Is clearly cheaper,
however not suitable for vegetarians
New York Fashion Week regularly features non
served only champagne, cocktails and cold-pressed vegetable juices:
The bone broth, which is served there in hip glasses, finds favor with
the visitors lively sales.
Broths, based on bones of beef or chicken, but also carcasses of seafood are not an option for vegetarians. For everyone else, they could be an interesting and in any case much cheaper option than sinfully expensive anti-aging creams.
New York cosmetologist Julia March recommends bone broths to all her clients and explains the positive effects for the skin as follows: “The proteins and amino acids of bone broths can be easily absorbed by the body and are the cornerstones of building body tissues. They help the body to repair attacked or destroyed body tissues and thus reduce inflammation of the skin.
Hyaluronic acid and collagen, which are absorbed by the body with the bone broths, promote the inflow of water in the cells of the skin and make the skin look plumper. Another positive side effect: the broths reduce the desire for sweets. And sugar, which attacks the skin’s collagen and elastic fibers, among many negative health effects, contributes to premature aging of the skin.”
Unfortunately, there are no sufficient medical studies for these theses. Only for chicken broth there are smaller, but thus not representative studies. This is not surprising, since the financial resources required for a correspondingly large-scale study are usually invested in research into drugs or therapeutic approaches, behind which there is a corresponding financial return-on-investment.
Nevertheless, there are at least three good reasons to cook your own broth, even if there are unfortunately no medical studies on this yet that clearly prove that bone broth, has the same effect as the package inserts of numerous anti-aging creams promise, if you believe in it:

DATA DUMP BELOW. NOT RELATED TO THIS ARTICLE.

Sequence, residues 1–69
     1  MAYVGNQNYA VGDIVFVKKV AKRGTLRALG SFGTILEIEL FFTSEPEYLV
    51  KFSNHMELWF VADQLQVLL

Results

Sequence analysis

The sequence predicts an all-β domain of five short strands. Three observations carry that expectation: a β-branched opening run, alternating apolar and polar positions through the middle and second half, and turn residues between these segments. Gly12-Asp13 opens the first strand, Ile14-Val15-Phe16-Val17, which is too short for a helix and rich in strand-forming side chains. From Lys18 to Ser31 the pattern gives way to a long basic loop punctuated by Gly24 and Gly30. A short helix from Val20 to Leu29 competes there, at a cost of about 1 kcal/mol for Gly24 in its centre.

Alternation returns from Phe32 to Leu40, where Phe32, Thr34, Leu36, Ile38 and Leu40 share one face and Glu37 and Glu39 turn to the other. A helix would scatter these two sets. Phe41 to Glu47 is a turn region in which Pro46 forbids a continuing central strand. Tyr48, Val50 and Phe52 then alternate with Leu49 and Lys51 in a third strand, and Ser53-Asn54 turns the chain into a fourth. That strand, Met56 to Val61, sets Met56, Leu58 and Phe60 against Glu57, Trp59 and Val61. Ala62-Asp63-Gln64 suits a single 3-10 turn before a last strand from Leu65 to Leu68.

Every top chef always has at least one, but usually several broths boiling at the same time in his kitchen. A good broth is the basis of a perfect sauce, a wonderful risotto and any soup.
“From noose to tail” was the principle Fergus Henderson and Trevor Gulliver used to open their (excellent) St. John restaurant on St. John Street in London in 1994. There, from the beginning, almost all parts of an animal were processed in the kitchen.
Meanwhile, the idea has gained more followers that many other parts of the animal besides the tenderloin taste great, and that processing a wide variety of parts of an animal is also a form of respect for the animal.
Cooking broth consists of bones, carcasses, celery, onions, celery, salt, pepper, juniper and bay leaf. If you want, some more wine. You thus determine exactly what is contained in your broth and are thus sure that no flavorings, glutamate, colorants, etc. can be found in it.
For GloriousMe, these three reasons alone are enough to make their own broth very often on the weekend. Just give it a try, especially since any broth is also ideal for freezing.
The basic recipe for bone broth
Turn the oven to the highest setting and roast the bones in a roasting pan for about 15 minutes. There is usually enough fat on the bones that they can be placed directly into the roaster. After 15 minutes, turn, roast for another 10 minutes and then add half a celery bulb, cut into large pieces.
About five minutes before the end of the roasting time, put halved onions (with peel) with the cut side in a pot and roast there, also without fat.
Add the bones at the end of the roasting time and fill the pot with water and a little white wine until the bones, halved onions and celery pieces are covered.
Season with plenty of salt and pepper. Add 4 juniper berries and 2 bay leaves, then simmer gently for four to five hours.
Roasting the bones and onion skins produces a broth that is nice and clear with a golden brown color. After the boiling time, pass the broth through a pointed sieve. Done.